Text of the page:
DHT Holdings, Inc. (NYSE:DHT)
Q4 2015 Earnings Conference Call
February 04, 2016 08:00 AM ET
Eirik Ubøe - CFO
Svein Moxnes Harfjeld - Co-CEO
Trygve Munthe - Co-CEO
Herman Hildan - Clarksons
Fotis Giannakoulis - Morgan Stanley
Amit Mehrotra - Deutsche Bank
Chintan Desai – UBS
Charles Rupinski - Seaport Global
Erik Stavseth - Arctic Securities
Good day, and welcome to the Q4 2015 DHT Holdings Inc. Earnings Conference Call. Today’s conference is being recorded. At this time, I would like to turn the conference over to Eirik Ubøe, Chief Financial Officer. Please go ahead, sir.
Thank you. Before we get started with today’s call, I would like to make the following remarks. A replay of this conference call will be available at our website dhtankers.com through February 11, 2016. In addition, our earnings press release will be available on our website and on the SEC's EDGAR system as an exhibit to our Form 6-K.
As a reminder, on this conference call we will discuss matters that are forward-looking in nature. These forward-looking statements are based on our current expectations about future events including DHT’s prospects, dividends, share repurchases, and debt repayment, the outlook for tanker market in general, daily charter hire rates and vessel utilization, forecast of world economic activity, oil prices and oil trading patterns, anticipated levels of new building and scrapping and projected dry-dock schedules. Actual results may differ materially from the expectations reflected in these forward-looking statements.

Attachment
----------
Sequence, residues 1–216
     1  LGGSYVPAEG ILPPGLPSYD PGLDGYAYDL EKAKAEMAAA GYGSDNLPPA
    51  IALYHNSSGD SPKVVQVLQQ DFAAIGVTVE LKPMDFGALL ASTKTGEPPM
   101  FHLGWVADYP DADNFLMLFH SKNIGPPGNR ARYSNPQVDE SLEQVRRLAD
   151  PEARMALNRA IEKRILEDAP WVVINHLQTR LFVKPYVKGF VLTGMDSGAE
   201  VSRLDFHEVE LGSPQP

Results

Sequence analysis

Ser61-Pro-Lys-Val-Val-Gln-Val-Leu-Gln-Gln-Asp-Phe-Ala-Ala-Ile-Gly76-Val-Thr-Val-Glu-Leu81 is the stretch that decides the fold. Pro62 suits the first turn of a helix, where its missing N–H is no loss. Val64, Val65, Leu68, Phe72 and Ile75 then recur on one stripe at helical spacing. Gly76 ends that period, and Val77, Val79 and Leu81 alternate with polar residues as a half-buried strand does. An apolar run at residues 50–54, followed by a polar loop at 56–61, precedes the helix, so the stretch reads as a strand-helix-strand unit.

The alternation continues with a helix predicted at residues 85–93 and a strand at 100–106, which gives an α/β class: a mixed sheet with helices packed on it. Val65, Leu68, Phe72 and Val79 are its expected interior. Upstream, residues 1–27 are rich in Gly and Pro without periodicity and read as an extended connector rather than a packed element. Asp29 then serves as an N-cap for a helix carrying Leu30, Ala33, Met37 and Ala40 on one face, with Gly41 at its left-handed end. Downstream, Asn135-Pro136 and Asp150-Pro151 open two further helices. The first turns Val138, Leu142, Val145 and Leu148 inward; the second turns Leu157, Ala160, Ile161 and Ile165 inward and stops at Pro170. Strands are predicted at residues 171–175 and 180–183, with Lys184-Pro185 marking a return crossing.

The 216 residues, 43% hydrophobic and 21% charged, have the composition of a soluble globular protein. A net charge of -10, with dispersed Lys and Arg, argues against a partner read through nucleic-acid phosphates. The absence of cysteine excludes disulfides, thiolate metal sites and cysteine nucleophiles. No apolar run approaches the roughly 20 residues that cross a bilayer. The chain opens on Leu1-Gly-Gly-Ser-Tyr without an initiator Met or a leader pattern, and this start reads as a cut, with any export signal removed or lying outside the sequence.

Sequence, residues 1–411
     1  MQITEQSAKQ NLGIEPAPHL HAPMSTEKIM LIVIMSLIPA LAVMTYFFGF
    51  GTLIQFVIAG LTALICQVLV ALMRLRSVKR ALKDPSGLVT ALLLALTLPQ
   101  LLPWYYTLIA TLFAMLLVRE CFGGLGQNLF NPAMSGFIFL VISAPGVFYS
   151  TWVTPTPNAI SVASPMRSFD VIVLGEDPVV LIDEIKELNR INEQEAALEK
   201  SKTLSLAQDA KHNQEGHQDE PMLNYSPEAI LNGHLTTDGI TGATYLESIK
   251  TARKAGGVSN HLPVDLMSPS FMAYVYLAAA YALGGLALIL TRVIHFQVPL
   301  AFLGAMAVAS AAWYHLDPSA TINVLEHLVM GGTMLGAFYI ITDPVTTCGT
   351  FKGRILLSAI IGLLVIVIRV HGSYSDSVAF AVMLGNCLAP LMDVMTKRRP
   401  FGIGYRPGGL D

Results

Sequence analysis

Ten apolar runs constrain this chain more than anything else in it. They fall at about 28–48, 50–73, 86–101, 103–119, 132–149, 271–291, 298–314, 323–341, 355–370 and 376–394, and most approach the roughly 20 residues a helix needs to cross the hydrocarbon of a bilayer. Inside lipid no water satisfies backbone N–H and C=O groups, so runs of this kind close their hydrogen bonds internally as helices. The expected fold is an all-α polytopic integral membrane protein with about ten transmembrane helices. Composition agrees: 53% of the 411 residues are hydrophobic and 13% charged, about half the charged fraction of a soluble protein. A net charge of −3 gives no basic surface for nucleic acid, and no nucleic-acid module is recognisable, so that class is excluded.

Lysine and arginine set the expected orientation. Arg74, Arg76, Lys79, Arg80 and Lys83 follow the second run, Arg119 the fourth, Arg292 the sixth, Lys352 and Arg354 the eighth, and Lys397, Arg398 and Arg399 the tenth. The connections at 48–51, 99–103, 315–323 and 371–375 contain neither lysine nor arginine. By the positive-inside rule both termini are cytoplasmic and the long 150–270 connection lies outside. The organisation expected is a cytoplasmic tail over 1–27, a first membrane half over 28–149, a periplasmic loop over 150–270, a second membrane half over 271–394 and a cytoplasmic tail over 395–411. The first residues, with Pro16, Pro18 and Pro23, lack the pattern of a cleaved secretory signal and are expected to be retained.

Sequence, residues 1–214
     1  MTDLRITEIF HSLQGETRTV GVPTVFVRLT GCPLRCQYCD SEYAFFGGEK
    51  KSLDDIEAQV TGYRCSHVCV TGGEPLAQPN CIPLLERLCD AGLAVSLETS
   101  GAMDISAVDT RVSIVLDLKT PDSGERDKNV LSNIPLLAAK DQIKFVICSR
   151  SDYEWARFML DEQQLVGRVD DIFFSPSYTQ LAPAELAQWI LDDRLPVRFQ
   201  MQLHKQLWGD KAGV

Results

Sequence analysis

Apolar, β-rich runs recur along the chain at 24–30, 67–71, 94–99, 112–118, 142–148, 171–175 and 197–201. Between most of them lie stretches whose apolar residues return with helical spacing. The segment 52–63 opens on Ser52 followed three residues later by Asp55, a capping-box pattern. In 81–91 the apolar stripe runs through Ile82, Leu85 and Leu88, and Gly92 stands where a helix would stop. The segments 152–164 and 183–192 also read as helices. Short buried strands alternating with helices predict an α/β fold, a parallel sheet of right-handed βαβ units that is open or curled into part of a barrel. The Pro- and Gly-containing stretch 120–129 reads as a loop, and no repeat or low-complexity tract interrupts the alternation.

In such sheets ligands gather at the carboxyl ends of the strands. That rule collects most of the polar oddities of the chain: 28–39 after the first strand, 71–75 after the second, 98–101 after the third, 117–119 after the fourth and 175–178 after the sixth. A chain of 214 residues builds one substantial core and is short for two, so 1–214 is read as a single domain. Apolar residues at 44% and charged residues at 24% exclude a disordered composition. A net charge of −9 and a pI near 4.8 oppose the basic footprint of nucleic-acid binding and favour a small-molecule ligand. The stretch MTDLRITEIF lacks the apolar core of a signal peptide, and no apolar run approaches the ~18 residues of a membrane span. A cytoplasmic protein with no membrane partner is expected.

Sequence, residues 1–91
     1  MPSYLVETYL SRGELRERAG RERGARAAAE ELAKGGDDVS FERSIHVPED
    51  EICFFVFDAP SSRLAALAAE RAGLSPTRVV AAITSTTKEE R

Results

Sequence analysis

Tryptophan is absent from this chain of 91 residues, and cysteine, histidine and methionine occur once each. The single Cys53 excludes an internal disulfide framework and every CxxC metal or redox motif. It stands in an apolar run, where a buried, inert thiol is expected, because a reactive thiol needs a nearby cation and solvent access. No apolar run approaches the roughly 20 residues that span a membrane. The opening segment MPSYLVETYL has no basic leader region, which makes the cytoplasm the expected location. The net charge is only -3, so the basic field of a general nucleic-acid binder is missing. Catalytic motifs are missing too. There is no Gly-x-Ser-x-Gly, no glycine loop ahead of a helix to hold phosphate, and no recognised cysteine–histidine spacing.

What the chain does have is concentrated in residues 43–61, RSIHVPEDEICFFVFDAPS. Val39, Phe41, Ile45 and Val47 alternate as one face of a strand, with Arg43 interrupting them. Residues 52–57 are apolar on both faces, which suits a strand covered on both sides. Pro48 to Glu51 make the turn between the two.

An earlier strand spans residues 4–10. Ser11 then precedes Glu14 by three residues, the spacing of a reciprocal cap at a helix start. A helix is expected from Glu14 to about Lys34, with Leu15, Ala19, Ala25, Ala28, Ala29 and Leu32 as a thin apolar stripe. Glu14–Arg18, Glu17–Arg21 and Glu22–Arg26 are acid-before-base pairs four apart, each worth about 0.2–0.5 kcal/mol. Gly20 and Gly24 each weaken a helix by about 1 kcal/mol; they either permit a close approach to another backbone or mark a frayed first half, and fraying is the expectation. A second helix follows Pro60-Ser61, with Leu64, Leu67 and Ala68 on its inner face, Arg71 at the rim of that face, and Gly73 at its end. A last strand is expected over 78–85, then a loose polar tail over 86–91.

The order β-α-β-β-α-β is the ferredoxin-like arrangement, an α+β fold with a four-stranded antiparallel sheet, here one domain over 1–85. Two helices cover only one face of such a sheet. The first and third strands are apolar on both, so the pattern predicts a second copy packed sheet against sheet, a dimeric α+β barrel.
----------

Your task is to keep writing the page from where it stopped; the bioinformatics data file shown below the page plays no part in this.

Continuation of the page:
We like you to read our periodic reports available on our website and on the SEC’s Edgar system including the risk factors in these reports for more information regarding risks that we face. I’m today joined by DHT's Co-CEOs Svein Moxnes Harfjeld and Trygve Munthe.
With that, I will turn the call over to Trygve.
Thank you Eirik, and good morning and good afternoon to everyone and thank you for participating in DHT's fourth quarter 2015 earnings call. This earnings call will follow a slightly different format than what we have done in that past. First, we'll go through a slide presentation and you can find the link to the webcast on the homepage of our website dhtankers.com. Through the presentation, we will discuss highlights from the quarter. We will bring you the status and the deleveraging program. We will explain our updated capital allocation policy and we will discuss how DHT is currently positioned. And finally we will try to illustrate how DHT will perform financially in some different tanker market scenarios. And then after the presentation we will be happy to take your questions.